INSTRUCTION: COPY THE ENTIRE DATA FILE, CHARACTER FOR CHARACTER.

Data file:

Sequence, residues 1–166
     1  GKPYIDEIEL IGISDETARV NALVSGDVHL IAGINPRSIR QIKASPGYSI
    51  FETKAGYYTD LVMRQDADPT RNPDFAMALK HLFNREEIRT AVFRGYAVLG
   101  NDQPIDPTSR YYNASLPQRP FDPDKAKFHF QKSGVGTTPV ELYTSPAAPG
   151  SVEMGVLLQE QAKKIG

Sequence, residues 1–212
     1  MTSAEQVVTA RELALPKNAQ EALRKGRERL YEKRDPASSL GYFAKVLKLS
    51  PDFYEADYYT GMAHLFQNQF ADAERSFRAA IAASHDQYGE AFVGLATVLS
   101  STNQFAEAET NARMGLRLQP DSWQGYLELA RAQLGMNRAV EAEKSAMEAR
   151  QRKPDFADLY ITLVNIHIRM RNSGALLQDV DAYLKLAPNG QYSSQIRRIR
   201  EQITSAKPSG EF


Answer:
Sequence, residues 1–166
     1  GKPYIDEIEL IGISDETARV NALVSGDVHL IAGINPRSIR QIKASPGYSI
    51  FETKAGYYTD LVMRQDADPT RNPDFAMALK HLFNREEIRT AVFRGYAVLG
   101  NDQPIDPTSR YYNASLPQRP FDPDKAKFHF QKSGVGTTPV ELYTSPAAPG
   151  SVEMGVLLQE QAKKIG

Sequence, residues 1–212
     1  MTSAEQVVTA RELALPKNAQ EALRKGRERL YEKRDPASSL GYFAKVLKLS
    51  PDFYEADYYT GMAHLFQNQF ADAERSFRAA IAASHDQYGE AFVGLATVLS
   101  STNQFAEAET NARMGLRLQP DSWQGYLELA RAQLGMNRAV EAEKSAMEAR
   151  QRKPDFADLY ITLVNIHIRM RNSGALLQDV DAYLKLAPNG QYSSQIRRIR
   201  EQITSAKPSG EF